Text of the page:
He'd a French cocked-hat on his forehead, a bunch of lace at his chin, A coat of the claret velvet, and breeches of brown doe-skin;
This highwayman is a snappy dresser. He's got a French hat on, and a bunch of lace tucked into the top of his shirt.
His coat is made of velvet and it's claret-colored (that's a deep red wine color).
His breeches (pants) are made of doe skin (really soft leather made from deer hide).
They fitted with never a wrinkle: his boots were up to the thigh.
Apparently the pants fit tight, with no wrinkles, and his boots are thigh high.
Now if a man today tried to impress the ladies by wearing thigh high boots and tight pants and lace, it probably wouldn't work out so well. Let's just take it for granted that this kind of stuff used to be considered studly.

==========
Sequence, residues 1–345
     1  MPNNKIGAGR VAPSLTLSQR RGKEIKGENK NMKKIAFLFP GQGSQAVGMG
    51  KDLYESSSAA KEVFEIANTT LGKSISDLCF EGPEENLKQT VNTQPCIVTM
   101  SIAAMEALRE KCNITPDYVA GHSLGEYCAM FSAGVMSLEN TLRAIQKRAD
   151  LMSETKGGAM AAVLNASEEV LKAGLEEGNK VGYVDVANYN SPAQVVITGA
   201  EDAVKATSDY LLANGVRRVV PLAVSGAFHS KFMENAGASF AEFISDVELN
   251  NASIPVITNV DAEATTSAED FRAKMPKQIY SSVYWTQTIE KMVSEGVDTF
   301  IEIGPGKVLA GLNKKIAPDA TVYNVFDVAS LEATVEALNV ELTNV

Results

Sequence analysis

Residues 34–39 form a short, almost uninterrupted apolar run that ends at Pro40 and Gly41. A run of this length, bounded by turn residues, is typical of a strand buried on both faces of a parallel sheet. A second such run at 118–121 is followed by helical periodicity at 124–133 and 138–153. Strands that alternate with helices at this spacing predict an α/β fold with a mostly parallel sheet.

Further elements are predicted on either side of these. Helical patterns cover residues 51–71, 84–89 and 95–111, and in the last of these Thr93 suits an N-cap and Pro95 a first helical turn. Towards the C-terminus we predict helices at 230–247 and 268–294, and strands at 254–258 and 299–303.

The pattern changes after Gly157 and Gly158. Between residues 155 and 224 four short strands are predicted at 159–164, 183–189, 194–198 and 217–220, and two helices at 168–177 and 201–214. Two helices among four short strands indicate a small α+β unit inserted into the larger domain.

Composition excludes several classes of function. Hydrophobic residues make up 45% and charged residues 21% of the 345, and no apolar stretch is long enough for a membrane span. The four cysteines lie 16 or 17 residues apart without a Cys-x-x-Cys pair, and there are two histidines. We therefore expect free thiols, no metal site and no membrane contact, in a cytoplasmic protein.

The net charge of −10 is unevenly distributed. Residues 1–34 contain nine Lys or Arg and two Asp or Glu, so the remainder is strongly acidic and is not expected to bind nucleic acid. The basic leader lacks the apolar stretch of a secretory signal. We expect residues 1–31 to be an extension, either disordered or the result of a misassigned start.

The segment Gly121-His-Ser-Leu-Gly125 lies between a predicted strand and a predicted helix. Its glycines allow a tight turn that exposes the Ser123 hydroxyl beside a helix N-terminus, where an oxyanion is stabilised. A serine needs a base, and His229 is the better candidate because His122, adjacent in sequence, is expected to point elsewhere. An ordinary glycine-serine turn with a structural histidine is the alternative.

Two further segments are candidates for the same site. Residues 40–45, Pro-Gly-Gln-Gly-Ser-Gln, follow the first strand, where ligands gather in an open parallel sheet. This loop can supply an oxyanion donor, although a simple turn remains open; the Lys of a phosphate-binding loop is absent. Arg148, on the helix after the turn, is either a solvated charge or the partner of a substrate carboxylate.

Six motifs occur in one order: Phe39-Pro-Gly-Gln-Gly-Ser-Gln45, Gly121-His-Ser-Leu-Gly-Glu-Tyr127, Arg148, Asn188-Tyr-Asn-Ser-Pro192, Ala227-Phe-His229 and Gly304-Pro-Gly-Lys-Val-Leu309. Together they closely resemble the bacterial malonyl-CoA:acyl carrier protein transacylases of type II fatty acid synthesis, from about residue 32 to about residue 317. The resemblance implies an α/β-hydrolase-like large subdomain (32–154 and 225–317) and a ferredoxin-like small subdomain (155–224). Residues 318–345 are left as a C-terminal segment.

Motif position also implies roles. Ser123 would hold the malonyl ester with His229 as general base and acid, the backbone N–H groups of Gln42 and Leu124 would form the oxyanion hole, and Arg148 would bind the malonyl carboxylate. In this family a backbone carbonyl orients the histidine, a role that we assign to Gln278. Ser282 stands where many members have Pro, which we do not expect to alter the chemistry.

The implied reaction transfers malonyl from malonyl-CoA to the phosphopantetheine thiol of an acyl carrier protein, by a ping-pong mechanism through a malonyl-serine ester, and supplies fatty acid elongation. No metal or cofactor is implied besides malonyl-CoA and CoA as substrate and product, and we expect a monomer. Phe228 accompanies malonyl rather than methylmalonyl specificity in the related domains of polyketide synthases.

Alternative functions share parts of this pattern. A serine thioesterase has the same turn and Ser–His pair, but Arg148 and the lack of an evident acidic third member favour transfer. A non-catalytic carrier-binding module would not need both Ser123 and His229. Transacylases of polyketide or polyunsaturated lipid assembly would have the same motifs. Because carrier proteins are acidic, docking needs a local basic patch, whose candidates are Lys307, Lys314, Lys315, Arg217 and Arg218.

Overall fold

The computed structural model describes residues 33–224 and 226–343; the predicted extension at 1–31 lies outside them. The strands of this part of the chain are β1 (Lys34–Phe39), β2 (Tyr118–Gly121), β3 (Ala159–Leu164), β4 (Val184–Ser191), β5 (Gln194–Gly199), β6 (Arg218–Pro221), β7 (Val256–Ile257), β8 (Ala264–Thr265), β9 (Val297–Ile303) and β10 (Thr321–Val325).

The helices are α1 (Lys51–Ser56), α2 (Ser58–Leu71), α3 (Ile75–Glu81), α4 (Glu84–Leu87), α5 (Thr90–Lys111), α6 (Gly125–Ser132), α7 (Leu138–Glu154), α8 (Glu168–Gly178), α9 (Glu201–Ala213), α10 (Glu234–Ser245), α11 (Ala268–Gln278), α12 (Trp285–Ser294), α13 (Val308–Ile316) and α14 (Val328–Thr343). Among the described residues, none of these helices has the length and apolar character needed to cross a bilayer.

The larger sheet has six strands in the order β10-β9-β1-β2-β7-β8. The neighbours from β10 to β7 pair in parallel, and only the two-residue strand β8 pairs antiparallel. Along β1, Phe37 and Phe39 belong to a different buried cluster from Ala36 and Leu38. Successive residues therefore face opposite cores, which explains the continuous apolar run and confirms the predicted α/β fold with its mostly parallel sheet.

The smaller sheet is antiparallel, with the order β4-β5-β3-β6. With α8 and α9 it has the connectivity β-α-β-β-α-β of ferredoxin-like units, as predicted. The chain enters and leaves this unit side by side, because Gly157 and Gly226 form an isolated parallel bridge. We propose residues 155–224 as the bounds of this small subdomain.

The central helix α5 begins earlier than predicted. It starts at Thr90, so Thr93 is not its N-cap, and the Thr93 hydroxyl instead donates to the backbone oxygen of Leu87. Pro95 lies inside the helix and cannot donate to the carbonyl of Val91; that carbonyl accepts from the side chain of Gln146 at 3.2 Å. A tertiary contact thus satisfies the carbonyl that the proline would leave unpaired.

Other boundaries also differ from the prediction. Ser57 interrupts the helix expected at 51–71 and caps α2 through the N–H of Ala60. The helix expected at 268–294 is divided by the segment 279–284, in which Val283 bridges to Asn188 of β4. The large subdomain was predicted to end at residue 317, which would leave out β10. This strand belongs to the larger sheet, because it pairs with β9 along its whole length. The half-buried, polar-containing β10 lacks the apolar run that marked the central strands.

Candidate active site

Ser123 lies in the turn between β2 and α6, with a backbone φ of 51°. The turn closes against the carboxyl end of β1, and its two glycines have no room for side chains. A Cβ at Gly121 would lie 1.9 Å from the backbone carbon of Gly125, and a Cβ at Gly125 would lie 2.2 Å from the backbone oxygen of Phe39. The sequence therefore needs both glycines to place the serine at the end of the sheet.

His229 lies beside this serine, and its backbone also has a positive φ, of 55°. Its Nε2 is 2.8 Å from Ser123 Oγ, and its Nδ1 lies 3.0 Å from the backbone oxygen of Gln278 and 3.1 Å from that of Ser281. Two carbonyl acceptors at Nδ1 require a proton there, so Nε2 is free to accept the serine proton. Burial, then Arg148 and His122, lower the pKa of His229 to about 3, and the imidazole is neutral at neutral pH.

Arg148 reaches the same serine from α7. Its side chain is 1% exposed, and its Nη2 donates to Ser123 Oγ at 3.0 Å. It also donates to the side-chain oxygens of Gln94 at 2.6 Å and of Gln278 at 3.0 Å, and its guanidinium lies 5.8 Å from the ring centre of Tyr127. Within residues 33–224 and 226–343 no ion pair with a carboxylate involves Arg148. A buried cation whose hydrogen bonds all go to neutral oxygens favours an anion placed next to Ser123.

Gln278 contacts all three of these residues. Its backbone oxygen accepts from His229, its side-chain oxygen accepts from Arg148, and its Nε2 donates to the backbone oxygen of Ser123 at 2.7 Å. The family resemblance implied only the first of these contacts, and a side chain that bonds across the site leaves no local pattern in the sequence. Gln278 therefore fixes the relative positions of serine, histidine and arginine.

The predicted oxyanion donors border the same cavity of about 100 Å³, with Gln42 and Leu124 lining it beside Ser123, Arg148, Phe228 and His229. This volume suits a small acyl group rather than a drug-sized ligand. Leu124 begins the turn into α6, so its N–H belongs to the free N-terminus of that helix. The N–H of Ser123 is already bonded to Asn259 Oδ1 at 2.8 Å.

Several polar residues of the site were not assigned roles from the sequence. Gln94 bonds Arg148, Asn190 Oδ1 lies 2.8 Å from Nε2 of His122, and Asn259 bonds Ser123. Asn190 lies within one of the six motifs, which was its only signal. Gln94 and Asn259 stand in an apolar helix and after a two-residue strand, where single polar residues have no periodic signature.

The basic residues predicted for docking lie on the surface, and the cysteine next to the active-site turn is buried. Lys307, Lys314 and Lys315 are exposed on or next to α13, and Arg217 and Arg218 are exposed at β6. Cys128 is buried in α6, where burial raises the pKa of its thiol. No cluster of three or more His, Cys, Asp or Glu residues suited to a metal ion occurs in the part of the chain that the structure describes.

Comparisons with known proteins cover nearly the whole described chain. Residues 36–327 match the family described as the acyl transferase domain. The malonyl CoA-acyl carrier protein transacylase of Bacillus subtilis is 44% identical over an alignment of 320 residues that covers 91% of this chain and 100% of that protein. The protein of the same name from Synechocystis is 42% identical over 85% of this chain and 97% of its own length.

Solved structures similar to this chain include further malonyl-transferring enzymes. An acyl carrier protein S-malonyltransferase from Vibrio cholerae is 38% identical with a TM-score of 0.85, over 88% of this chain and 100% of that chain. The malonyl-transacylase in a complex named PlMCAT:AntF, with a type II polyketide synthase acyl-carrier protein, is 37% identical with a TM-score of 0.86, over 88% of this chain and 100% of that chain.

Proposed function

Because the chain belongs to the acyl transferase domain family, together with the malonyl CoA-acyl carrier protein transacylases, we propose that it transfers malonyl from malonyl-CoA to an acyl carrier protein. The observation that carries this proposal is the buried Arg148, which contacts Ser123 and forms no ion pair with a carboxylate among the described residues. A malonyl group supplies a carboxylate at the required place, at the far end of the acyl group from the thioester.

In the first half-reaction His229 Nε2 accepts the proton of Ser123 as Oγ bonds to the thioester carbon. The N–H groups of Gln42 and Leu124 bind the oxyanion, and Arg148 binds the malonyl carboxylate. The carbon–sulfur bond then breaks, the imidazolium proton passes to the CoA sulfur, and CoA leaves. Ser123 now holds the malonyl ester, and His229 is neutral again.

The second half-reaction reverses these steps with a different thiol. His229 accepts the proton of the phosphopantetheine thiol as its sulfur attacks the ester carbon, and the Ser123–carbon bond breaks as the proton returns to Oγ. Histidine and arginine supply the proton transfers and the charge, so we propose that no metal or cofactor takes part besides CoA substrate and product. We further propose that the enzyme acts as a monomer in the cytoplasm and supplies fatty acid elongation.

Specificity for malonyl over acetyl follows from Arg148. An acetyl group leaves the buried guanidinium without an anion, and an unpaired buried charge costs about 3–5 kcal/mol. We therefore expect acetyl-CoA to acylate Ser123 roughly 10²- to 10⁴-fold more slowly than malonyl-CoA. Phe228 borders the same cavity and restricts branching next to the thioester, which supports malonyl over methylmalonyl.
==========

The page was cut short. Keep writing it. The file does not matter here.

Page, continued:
Plus these clothes give us a little hint of when this poem was set. We'd guess that it takes place some time in the eighteenth century, but definitely a long time before it was written (in 1906).
And he rode with a jeweled twinkle, His pistol butts a-twinkle, His rapier hilt a-twinkle, under the jeweled sky.
This guy is dressed up so fancily that he seems to twinkle like a jewel.
These lines also let us know that he's heavily armed, with pistols and a rapier (a long thin sword).
Plus the sky is "jeweled" too. Everything in this stanza is glittering with beauty and excitement.